This advice-column-style blog for SLPs was authored by Pam Marshalla from 2006 to 2015, the archives of which can be explored here. Use the extensive keywords list found in the right-hand column (on mobile: at the bottom of the page) to browse specific topics, or use the search feature to locate specific words or phrases throughout the entire blog.
Q: I have a client who uses a velar fricative for the sibilants. I was experimenting with some of your self-assessment exercises in your book Frontal Lisp, Lateral Lisp, and I noticed that as I dropped my jaw to produce /s/, the sound eventually became a velar fricative. Do you think jaw grading or stability exercises will help my client with this?
Position of the tongue relative to the palate is directly related to jaw position, height, and stability as you have discovered. Correct sibilant phonemes only can be produced with the jaw high.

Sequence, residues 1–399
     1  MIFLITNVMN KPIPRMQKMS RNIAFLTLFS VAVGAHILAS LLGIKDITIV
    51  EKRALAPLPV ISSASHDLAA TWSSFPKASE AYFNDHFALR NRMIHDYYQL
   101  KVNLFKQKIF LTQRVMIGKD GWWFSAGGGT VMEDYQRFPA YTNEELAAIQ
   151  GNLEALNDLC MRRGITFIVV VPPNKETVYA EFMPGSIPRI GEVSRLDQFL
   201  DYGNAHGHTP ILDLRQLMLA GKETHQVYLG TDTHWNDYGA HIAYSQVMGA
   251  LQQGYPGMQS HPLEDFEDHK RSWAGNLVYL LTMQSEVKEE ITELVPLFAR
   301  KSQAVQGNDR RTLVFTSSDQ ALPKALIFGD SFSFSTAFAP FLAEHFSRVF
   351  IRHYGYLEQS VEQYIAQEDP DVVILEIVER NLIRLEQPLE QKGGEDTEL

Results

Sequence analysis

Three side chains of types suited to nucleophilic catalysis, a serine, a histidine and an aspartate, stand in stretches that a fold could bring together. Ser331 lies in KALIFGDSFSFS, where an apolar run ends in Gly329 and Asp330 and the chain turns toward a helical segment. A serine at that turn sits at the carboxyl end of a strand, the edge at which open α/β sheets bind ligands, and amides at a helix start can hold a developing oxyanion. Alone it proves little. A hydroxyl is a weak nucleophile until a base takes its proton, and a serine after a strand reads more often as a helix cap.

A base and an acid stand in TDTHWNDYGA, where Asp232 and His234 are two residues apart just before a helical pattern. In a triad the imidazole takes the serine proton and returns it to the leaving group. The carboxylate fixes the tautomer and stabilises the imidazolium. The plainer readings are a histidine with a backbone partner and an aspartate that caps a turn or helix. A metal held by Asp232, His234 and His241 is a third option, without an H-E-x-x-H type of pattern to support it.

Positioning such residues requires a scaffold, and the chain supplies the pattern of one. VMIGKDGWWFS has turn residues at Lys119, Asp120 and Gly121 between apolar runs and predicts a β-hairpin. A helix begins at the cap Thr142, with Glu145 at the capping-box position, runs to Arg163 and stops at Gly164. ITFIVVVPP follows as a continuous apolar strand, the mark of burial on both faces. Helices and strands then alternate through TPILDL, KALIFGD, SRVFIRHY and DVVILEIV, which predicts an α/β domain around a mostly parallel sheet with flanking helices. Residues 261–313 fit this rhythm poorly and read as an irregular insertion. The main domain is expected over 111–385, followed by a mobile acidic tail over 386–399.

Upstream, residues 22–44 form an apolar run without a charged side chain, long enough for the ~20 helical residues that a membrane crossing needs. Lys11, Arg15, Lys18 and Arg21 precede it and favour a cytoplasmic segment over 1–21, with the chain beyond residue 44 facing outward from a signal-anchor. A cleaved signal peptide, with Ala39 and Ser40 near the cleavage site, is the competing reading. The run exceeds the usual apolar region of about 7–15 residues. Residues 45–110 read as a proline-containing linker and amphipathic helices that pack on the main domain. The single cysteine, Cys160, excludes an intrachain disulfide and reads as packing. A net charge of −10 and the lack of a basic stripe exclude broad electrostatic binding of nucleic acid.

Lowering the jaw pulls the tongue away from the palate, especially the anterior part of the tongue. When the jaw is very low, the only part of the tongue that can easily reach the palate is the back. Therefore, when the jaw lowers, frication naturally shifts from anterior to posterior.
Stabilize your client’s jaw in a higher position and see what happens. Then go from there.